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University launches £9million cost of living support for students

15 Nov 2022

Our University is dedicating £9million to providing further student support

University crest with blossom

In recognition of the significant challenges faced by students over rising costs, our University is dedicating £9million to providing further student support, building on an initial programme of wellbeing and financial assistance provided together with the Students’ Union.

The latest package of support represents a commitment of over £7million. Further targeted support in 2023 for those most in need will be announced in due course and bring the total of committed student support to £9million.

Registered students will each receive a one-off cost of living payment. Full-time students will receive £170 and part-time students will receive £85, paid into their UK bank account. 

This sector-leading initiative is a result of ongoing discussions between the University and the Students’ Union, arising directly from student feedback and suggestions from the Executive Officers.

The roll-out for the payments is expected before the Christmas break, to help support students over the winter months. A very small number of professional level postgraduate courses are excluded.

It builds on existing financial support previously announced, including increases to the University’s Cost of Living Support Fund, and providing grants of up to £2,000 to students who are struggling, plus raising the minimum stipend for 2022/23 by more than £2000 for all PGRs who are on a studentship funded directly by the University.

We have also put into place assistance in the form of cheaper food options, free microwave and hot water facilities, free showers, and free period products. Library fines have been ended and free eBooks provided to help students meet costs of studying. The Students’ Union is also helping to provide free and discounted access to sports and recreation and has put on study nights with free food in a warm environment. 

Working with the Students’ Union, we are providing more jobs for students on campus, easier and increased access to short-term emergency financial assistance, and funding a new Money Advisor post to be created in the Students’ Union. These and other measures are detailed online and are being communicated to students.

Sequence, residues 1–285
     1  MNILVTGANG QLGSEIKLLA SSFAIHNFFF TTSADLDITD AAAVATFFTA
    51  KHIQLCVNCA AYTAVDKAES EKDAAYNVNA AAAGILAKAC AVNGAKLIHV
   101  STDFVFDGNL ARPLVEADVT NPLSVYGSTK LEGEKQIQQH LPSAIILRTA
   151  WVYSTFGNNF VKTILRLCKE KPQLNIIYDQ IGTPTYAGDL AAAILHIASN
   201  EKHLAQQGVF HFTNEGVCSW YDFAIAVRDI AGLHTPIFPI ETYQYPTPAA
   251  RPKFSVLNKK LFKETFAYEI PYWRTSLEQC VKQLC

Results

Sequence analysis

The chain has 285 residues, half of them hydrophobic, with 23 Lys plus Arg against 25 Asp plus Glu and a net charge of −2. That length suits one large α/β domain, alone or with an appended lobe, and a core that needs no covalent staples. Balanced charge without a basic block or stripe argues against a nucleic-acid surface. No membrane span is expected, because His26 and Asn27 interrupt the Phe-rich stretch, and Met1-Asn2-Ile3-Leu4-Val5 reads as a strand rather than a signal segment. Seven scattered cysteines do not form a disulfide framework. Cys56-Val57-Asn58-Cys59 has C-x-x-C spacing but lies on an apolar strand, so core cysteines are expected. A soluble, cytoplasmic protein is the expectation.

Sam Bronheim, Union Affairs Officer at the Students’ Union, said: “We have valued collaborating with the University on this project and are glad they have listened to our ideas. With action like this, we hope students feel that, through the Students’ Union, their needs have not only been heard but met by the University.” 

Professor April McMahon, Vice-President for Teaching, Learning and Students, said: “The cost of living crisis is a major concern for our students, especially at this time of year. I’m so delighted that, working closely with the Students’ Union, we’ve been able to offer this payment. We also have wider support in place including wellbeing and further financial support through our Cost of Living Support fund, so would encourage any student that needs our help to please reach out.” 

Cost of living support to staff

Our University has previously announced a cost-of-living payment of £1,000 to all colleagues paid within grades 1-8 (or to a total salary limit of £71,644 for employees on equivalent pay structures) who have been in post as of 1 October 2022. The payment will be split in two parts, £500 paid with the November payroll, and a second payment of £500 in the January 2023 payroll (for staff in post on 1 January). For those who wish to there is the option to donate this to student support funds or to other charities. The University is already an accredited Real Living Wage Employer.

Graduate teaching assistants, who work variable hours, will receive a 3% pay rise.

The University believes that providing for this cost of living support for staff and students is the right thing to do at this very difficult time, recognising that it is an urgent priority for so many of our people. Inevitably, this means difficult choices are being made about other areas of planned investment for this year which will have to be reprioritised.

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